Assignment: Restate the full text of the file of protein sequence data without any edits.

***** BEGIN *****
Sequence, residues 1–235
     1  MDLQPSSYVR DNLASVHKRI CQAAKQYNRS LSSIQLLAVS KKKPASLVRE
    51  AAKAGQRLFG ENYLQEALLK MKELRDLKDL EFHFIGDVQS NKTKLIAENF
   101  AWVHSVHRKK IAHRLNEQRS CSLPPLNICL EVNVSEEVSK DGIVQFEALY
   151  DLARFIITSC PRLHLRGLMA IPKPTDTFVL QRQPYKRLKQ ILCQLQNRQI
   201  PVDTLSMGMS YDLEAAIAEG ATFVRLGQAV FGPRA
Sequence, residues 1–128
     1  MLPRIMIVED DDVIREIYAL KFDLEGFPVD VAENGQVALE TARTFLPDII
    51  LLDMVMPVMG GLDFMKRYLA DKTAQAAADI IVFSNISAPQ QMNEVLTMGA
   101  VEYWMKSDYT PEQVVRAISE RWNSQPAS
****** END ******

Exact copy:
Sequence, residues 1–235
     1  MDLQPSSYVR DNLASVHKRI CQAAKQYNRS LSSIQLLAVS KKKPASLVRE
    51  AAKAGQRLFG ENYLQEALLK MKELRDLKDL EFHFIGDVQS NKTKLIAENF
   101  AWVHSVHRKK IAHRLNEQRS CSLPPLNICL EVNVSEEVSK DGIVQFEALY
   151  DLARFIITSC PRLHLRGLMA IPKPTDTFVL QRQPYKRLKQ ILCQLQNRQI
   201  PVDTLSMGMS YDLEAAIAEG ATFVRLGQAV FGPRA
Sequence, residues 1–128
     1  MLPRIMIVED DDVIREIYAL KFDLEGFPVD VAENGQVALE TARTFLPDII
    51  LLDMVMPVMG GLDFMKRYLA DKTAQAAADI IVFSNISAPQ QMNEVLTMGA
   101  VEYWMKSDYT PEQVVRAISE RWNSQPAS